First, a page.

The FTT decided that in both cases the arrangements had been designed to disguise income that should have brought tax and National Insurance contributions.
HMRC had argued that the arrangements should come under disclosure of tax avoidance schemes (DOTAS), which the FTT agreed with in a hearing.
Disguised remuneration (DR) payments often involve a small part of their earnings in a taxable element, and the rest in loans. The loan is often routed through an offshore trust in a low or no tax jurisdiction.
In practice, the loan terms mean that they are never repaid. However, HMRC makes clear that “the amounts paid by way of a loan are no different to normal income and are – and have always been – taxable”.
HMRC reiterated a warning to scheme promoters that they should carefully consider DOTAS rules when they market their arrangements, to see whether they should be declared to the Revenue.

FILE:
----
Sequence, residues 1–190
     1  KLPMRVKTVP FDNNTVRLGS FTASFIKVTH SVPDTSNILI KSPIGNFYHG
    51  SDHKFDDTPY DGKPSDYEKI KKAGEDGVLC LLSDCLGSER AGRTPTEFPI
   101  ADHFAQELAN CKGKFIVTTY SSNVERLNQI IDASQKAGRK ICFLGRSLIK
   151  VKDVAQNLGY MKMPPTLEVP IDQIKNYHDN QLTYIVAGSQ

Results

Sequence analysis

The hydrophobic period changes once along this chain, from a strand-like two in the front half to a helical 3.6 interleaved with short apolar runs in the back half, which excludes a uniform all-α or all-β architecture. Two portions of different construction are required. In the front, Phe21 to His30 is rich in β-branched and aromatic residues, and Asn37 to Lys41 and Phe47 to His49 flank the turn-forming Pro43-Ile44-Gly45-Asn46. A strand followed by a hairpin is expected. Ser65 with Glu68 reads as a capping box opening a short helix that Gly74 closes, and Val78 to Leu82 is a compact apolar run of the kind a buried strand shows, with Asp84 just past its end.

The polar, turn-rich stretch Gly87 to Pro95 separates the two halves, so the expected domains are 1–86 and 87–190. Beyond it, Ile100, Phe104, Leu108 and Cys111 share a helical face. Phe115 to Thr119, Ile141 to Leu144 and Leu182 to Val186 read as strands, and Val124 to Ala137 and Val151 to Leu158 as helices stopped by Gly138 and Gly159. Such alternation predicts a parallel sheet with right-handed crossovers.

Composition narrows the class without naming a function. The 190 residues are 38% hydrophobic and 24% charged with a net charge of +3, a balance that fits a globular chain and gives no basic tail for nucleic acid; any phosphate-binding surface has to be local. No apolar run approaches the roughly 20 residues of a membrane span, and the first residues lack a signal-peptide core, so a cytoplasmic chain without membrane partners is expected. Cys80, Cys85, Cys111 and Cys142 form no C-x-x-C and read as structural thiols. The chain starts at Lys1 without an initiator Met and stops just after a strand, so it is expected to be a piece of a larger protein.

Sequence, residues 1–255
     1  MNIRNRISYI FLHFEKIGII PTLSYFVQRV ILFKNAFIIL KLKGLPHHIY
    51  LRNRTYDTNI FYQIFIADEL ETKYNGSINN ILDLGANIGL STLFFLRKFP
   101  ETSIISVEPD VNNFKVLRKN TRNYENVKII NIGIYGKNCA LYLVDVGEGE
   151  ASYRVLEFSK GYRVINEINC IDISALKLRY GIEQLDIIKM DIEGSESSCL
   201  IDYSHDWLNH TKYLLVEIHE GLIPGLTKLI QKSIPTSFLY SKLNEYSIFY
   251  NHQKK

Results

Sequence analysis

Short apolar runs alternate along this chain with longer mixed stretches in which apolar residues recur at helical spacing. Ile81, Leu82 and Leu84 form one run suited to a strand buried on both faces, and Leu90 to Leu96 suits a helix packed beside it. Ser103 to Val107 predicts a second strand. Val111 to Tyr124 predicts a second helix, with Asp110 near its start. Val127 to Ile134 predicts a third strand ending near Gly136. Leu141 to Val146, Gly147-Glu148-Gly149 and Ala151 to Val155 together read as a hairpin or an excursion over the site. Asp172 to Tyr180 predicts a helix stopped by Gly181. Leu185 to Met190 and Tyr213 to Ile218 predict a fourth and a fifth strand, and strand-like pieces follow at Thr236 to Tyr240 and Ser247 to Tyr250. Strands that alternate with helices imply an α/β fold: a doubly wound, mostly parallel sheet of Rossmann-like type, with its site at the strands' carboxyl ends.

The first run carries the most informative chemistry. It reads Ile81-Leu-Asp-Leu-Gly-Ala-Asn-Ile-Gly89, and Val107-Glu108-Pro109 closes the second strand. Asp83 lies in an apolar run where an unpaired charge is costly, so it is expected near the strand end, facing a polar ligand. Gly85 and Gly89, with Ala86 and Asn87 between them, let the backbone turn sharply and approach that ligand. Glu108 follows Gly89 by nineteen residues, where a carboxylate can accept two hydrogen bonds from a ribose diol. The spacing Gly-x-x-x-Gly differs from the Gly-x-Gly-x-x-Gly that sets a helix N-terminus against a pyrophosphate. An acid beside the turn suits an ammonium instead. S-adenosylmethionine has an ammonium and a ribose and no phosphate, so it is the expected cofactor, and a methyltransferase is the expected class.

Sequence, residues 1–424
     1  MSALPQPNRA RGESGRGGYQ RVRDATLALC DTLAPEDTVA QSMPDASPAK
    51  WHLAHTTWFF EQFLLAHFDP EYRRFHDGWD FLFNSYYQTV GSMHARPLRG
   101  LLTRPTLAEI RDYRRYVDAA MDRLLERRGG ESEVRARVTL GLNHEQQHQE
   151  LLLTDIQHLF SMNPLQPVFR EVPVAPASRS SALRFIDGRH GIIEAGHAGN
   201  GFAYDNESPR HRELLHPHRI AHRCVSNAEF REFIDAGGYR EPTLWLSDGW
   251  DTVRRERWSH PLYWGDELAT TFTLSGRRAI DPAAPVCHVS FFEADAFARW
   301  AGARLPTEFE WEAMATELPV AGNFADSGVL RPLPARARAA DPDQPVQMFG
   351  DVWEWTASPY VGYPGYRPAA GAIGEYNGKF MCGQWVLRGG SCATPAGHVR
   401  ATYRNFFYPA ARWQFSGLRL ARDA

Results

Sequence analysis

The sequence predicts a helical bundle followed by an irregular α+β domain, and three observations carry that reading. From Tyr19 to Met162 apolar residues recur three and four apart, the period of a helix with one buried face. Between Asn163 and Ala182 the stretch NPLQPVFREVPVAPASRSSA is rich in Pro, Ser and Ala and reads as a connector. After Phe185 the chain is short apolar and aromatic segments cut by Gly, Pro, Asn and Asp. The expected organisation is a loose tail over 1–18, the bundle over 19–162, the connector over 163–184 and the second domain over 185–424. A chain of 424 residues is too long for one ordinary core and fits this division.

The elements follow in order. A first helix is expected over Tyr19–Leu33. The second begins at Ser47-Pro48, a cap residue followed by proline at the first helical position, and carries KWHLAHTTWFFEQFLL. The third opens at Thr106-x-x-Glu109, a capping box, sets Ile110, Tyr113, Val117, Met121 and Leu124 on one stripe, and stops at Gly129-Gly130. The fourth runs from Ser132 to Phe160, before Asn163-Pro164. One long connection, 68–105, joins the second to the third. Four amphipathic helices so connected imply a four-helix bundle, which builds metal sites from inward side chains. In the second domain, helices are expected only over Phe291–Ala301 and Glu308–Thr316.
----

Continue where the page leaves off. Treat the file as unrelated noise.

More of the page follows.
It will now examine whether DOTAS should apply to individual cases.
In the Hyrax case, the FTT said, “There is no other rational reason for why anyone would implement a convoluted and expensive set of arrangements which left them with a legal (if economically unreal) obligation to repay a sum that they would otherwise have received as salary, save for the expected tax advantage.”
Similarly, it took the view that Curzon Capital had “no corresponding non-tax benefits against which that saving should be weighed”.
“It was self-evidently the case that the tax saving was the main benefit that might be expected to arise from the arrangements”, the FTT added.
This comes after HMRC won a £40m tax avoidance case against Hyrax, earlier this year.